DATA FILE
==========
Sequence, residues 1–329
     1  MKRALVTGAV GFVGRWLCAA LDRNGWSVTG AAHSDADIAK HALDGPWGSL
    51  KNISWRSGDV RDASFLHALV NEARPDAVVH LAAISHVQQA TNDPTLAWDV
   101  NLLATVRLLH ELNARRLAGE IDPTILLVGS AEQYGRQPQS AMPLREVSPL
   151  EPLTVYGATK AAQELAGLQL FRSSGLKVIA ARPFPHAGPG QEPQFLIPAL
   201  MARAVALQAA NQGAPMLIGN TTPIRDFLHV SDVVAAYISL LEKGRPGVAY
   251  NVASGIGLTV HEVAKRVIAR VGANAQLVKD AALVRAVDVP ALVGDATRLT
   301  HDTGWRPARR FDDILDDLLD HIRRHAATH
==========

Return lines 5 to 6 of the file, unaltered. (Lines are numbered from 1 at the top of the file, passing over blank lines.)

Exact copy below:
   151  EPLTVYGATK AAQELAGLQL FRSSGLKVIA ARPFPHAGPG QEPQFLIPAL
   201  MARAVALQAA NQGAPMLIGN TTPIRDFLHV SDVVAAYISL LEKGRPGVAY